Sound all Greek to you? Well, it does to me too. It appears that billing formula based on calories is a government-mandated method, but why (if I am not on Medicare) does it apply to me? Do durable medical equipment supply companies decide to apply this method across the board since they are already required to do so for Medicare patients? And what does that mean on a personal level? Do PKU patients now have to decide whether eating healthier is worth what is likely a significant increase in cost?

This way of thinking–whether it originates with the U.S. Government or with the medical supply companies–sounds all too familiar. For years, PKU patients have struggled with medical foods coverage based in large part on the incorrect assumption that a low-protein diet is cosmetic and only for achieving weight-loss.

Despite calorie count, medical formula is medical formula. Period.

If anyone from Cambrooke and/or Abbott Nutrition are reading this blog, I’d love to hear another perspective on this formula conundrum in the comment field below. Hopefully someone can explain why the 100-calorie difference you see between regular RESTORE and RESTORE LITE ultimately determines whether a patient in need receives their medical formula.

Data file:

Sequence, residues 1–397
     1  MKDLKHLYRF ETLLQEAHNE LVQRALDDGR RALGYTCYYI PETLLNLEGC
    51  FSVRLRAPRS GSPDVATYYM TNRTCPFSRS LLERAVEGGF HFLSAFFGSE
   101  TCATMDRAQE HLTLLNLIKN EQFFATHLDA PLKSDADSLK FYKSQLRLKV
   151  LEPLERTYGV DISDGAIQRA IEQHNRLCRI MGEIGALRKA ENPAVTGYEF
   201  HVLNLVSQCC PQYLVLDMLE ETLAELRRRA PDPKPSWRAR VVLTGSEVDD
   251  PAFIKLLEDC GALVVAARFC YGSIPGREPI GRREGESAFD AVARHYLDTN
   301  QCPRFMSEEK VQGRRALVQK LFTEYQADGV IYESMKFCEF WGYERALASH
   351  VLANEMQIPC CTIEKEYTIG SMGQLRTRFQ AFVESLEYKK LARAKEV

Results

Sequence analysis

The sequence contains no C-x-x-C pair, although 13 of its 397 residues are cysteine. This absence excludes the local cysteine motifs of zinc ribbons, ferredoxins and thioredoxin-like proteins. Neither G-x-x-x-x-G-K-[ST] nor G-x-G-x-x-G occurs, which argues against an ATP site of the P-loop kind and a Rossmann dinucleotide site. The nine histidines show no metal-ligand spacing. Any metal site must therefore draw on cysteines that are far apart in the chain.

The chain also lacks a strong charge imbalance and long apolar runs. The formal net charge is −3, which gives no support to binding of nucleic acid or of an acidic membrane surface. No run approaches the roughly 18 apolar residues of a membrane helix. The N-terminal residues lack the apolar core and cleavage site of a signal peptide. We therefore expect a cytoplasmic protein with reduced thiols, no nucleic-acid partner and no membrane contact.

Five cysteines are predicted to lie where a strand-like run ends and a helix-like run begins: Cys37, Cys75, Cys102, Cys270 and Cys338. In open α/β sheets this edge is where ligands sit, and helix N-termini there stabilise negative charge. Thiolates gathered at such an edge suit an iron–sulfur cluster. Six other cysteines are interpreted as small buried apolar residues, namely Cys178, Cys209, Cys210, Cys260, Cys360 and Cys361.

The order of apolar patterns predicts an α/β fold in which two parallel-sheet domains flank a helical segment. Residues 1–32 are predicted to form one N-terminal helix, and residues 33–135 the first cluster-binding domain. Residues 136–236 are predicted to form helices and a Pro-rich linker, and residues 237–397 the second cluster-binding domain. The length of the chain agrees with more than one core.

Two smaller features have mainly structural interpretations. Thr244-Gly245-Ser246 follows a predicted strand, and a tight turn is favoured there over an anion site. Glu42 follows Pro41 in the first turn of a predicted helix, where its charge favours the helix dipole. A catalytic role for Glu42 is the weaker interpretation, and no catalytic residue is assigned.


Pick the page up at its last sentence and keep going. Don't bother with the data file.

–NM

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7 Comments

Filed under Advocacy, Formula

7 responses to “Billing PKU Formula According To Calories

  1. saranoonan

    Hi Nicole – I’m the product manager at Cambrooke Foods. We are just as frustrated as you are. Because RESTORE and RESTORE Lite are a partial formula, they are given a different B-code than complete formulas, such as BetterMilk. As dictated by CMS, partial formulas are reimbursed by calorie and as a result, some DMEs are unwilling to carry the lower calorie version of RESTORE. We have also run into issues with receiving a reimbursement code for our COMPLETE bars. Again, as dictated by CMS, PKU formulas fall under the enteral category which means they must be a liquid, not a solid, so that they can go down a feeding tube. This is again very frustrating for us because while individuals with PKU do not need to be fed via a feeding tube, they will not change the wording to accommodate alternative protein equivalent formats.